While probiotics are well-known for helping with digestion, , a new review published in the British Medical Journal shows their ability to improve symptoms of depression as well.
After examining seven studies over the course of 15 years, researchers found the greatest improvements in symptoms occurred when probiotics were combined with prebiotics. All studies focused on the impact of probiotics and prebiotics on depression, mood and mental health.
While we hear these terms a lot, many people aren’t sure of the difference between probiotics and prebiotics, so before we continue, here’s a quick review.
According to the Mayo Clinic, probiotics are live microorganisms found in certain foods that maintain the ‘good’ bacteria known as microflora in the gut. Prebiotics “act as food for this microflora” and help improve the balance of these microorganisms. Both can be taken in supplement form.
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Probiotics and Depression: How Probiotics Influence the Way We Feel
Ever feel nauseous before public speaking? Or experience stomach pain when you’re stressed?
This review highlights the link between gut health and brain health, exploring how the brain and gut microbiome send messages to one another.
Researchers noted that participants who experienced the greatest improvement in symptoms had underlying gut issues. This implies that their microbiomes were out of balance, which led to feeling depressed. After taking probiotics, their good gut bacteria increased, and as a result, this boosted their mood.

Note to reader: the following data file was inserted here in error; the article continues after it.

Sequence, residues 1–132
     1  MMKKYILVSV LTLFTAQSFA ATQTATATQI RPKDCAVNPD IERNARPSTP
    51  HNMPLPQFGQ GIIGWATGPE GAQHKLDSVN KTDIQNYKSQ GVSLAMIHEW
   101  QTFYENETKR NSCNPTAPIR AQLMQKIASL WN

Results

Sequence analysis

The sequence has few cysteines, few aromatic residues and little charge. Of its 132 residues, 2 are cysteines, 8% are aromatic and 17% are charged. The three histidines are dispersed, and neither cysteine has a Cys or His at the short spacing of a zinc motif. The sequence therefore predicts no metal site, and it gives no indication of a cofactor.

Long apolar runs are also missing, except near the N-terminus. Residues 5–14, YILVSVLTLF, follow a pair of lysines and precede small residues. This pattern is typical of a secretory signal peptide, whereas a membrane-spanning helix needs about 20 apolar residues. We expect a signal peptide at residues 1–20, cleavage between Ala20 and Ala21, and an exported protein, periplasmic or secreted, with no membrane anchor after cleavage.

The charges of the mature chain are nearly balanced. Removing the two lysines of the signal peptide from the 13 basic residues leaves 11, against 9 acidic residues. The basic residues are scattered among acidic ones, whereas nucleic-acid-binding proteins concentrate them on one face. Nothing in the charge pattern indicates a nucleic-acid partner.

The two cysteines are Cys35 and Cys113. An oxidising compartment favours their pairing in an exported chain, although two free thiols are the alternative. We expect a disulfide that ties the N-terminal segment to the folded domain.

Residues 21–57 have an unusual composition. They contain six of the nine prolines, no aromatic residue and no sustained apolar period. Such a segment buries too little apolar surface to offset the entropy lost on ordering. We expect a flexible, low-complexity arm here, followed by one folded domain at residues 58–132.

As an added bonus, probiotics boost the immune system, helping you break down food, absorb nutrients, increase your energy and can contribute to healthy weight loss.
Many previous studies have looked at the connection between gut health and mental health. Specifically, researchers have discovered that psychological factors – stress, anxiety, depression and more – affect the movement of the GI tract.
In fact, “many people with functional GI disorders perceive pain more acutely than other people do because their brains are more responsive to pain signals from the GI tract,” Harvard Health reports. “Stress can make the existing pain seem even worse.”
Here’s an example of how the connection goes both ways: simply thinking about eating can trigger the release of liquids in the stomach. And on the flipside, a damaged intestine can send signals to the brain, which is translated as depression or anxiety.
Hence, gastrointestinal distress can be the cause or the result of emotional distress.
Try Probiotics and Prebiotics to Boost Your Mood Naturally!
The bottom line: your gut health plays a major role in your overall health. And science confirms it. Taking probiotic and prebiotic supplements and eating foods high in probiotics can help you keep depression at bay.
Great sources of probiotics include yogurt, kefir, tempeh, kimchi and kombucha.
By becoming aware of the food you eat and how it makes you feel, you can start taking back control of your health. When it comes to probiotics and depression, science shows there is a promising connection!
All included information is not intended to treat or diagnose. The views expressed are those of the author and should be attributed solely to the author. For medical questions or before trying a new supplement, consult your healthcare provider.